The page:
7. An earlier case of that Court Gopal Purshotam v. Bai Diwali  18 Bom. 241, was relied on in support of that view. We find ourselves in agreement with the view taken by the learned Judges in those cases. The controversy in proceedings under Order 21, Rule 58, Civil P.C., is between the decree-holder and the claimant whose property is attached as belonging to the judgment-debtor. The suit contemplated by Rule 63 is one in which the right of the decree-holder to attach the property in question in execution of his decree is contested.. As soon as his decree is otherwise satisfied and he withdraws the attachment in consequence, the cause of action for his suit of the nature contemplated by Order 21, Rule 63, Civil P. C, to which Article 11, Sch. 1, Lim. Act, applies, disappears. In a, subsequent suit which may be brought by the claimant against a third person, even though he may be the judgment-debtor whose property it was alleged by the decree-holder to be, the cause of action is altogether different from the cause of action which he had alleged against the attaching creditor in his suit under Order 21, Rule 63, Civil P.C. For these reasons, we think that the present suit is governed by the usual 12 years' rule, and not by Article 11, Sch. 1, Lim. Act.
8. Another contention, put forward on behalf of the appellant is that Article 139, 'Sch. 1, Lim. Act, applies and the suit is 'barred under that article. The facts on which this contention is based are these: After the sale deed dated 17th February 1908, executed by Sukh Lal in favour of Babu Ram, the latter (the vendee) executed, on 25th February 1908, a karayanamah in favour of Sukh Lal (vendor) and his brother, Gulzari Lal, for two years. It is argued that the cause of action for recovery of possession accrued on the expiry of two years in the life-time of Babu Ram. The tenants and their heirs having continued in possession for more than 12 years after the expiry of the term limited by the lease, the lessor or his legal representative cannot recover possession after that period. We are unable to give effect to this argument. The term of the lease having expired, the lessees continued to hold over, not as tenants for a fixed period, but as tenants at sufferance; and the time will not in such a case begin to run until the tenancy at sufferance thus coming into existence terminates. This aspect of the question of limitation does not seem to have been raised in either of the Courts 'below and for aught that appears from the record the tenancy was continued by parties to the lease after the expiry of two years. There is nothing on the record to show that the tenancy terminated at a time more than 12 years before the institution of the present suit, but the tenants or their legal representatives withheld possession during that time. Under these circumstances, we hold that the suit is not barred by Article 139, Sch. 1, Lim. Act.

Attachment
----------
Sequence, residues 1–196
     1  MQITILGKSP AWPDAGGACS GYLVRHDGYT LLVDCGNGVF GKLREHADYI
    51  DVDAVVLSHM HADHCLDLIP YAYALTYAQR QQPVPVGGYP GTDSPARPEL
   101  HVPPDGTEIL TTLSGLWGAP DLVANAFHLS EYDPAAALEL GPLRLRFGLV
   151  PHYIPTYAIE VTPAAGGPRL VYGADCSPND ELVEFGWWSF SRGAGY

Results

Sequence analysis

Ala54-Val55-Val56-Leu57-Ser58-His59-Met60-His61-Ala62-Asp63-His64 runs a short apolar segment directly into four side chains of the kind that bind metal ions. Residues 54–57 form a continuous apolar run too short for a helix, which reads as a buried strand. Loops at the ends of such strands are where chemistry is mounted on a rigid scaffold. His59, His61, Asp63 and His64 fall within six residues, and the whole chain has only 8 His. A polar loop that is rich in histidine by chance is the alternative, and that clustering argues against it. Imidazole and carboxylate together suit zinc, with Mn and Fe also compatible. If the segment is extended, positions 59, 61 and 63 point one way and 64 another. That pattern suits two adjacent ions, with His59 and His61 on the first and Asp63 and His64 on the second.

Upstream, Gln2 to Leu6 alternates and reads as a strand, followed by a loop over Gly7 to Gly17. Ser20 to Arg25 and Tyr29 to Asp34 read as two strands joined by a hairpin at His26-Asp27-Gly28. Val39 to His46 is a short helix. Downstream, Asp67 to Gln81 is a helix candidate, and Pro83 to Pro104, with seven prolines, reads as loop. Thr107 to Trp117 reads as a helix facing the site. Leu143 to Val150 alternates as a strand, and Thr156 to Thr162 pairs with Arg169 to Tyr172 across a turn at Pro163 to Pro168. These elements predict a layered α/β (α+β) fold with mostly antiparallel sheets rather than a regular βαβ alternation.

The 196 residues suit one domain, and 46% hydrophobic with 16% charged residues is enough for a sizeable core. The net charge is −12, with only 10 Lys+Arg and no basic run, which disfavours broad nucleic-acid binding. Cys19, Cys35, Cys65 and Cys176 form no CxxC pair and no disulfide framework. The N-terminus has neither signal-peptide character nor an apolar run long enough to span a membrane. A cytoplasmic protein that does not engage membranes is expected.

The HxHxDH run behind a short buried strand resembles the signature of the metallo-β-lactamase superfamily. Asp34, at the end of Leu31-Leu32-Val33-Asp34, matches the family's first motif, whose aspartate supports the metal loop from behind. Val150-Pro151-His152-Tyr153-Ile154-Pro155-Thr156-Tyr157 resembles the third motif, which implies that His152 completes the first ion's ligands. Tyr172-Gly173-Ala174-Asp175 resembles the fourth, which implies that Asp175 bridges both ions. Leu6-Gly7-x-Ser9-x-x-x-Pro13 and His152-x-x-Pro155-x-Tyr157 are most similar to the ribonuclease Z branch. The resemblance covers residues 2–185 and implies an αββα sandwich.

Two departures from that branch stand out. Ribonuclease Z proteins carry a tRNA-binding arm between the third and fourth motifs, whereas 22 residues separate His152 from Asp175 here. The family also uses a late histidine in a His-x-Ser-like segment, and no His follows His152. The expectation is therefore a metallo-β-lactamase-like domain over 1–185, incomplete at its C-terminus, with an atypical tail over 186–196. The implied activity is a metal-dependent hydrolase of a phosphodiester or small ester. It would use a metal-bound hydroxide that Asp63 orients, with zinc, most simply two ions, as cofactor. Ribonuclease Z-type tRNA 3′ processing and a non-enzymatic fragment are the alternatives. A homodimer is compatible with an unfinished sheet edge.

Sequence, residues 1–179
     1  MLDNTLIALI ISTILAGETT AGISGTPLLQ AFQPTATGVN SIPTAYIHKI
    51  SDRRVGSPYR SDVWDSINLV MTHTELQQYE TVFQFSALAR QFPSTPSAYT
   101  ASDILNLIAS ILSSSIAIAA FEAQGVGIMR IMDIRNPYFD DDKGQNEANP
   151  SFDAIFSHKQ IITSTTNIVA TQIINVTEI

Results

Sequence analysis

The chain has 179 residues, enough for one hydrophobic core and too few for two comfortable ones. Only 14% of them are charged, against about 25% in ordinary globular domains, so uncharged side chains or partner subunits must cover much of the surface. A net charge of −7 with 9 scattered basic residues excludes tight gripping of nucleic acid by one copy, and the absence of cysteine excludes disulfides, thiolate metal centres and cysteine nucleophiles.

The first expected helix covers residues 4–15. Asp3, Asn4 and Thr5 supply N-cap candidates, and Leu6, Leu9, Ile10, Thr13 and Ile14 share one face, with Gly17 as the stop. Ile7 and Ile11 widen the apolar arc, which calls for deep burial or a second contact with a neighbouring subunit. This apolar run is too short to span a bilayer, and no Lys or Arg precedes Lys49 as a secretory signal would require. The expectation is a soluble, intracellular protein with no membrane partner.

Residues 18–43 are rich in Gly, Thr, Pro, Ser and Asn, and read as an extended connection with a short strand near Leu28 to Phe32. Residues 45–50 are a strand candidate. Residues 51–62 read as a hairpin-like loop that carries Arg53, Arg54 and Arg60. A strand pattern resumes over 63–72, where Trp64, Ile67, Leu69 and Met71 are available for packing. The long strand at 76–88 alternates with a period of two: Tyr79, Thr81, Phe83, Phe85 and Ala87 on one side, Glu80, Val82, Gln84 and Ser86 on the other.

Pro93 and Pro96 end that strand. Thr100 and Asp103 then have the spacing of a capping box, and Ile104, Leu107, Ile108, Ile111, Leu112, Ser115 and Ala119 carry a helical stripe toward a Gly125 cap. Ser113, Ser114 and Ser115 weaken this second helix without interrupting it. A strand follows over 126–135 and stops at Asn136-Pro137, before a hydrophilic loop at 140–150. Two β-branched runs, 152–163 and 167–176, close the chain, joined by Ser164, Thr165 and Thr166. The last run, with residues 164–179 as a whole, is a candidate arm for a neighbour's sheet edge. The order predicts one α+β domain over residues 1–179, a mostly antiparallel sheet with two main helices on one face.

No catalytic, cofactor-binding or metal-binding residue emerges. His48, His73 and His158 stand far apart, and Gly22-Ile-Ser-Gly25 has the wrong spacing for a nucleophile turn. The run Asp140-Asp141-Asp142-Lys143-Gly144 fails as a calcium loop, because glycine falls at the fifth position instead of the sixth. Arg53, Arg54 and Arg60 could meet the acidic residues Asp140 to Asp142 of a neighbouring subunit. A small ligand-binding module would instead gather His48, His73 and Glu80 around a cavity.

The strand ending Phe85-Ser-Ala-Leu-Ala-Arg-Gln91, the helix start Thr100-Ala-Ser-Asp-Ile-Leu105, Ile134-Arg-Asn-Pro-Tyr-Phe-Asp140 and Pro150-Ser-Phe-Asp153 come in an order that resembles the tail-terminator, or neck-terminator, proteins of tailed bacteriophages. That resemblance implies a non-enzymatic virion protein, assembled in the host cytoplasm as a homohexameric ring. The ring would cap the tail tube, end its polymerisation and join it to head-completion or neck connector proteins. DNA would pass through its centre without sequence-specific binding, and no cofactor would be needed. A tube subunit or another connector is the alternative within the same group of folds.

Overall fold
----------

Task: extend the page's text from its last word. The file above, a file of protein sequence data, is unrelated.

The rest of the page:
9. It has been already mentioned that the Courts below decreed one-third of the house to Mt. Bitola and Raj Kishore on the assumption that they were in possession to that extent for more than 12 years. The findings that have now been returned to the issues remitted by this Court are specific in determining the nature and extent of the possession of these two defendants which was limited to the bala khana. Accordingly, they must be held to have been in adverse possession of that part of the house for more than 12 years so as to extinguish the right of the plaintiff in regard to it. We modify the decree passed by the Courts below so far that the plaintiff's suit shall stand' dismissed as regards bala khana instead of undefined one-third of the house, as decreed by the Courts below. We direct, under the circumstances of the case, that the parties should bear their own costs throughout.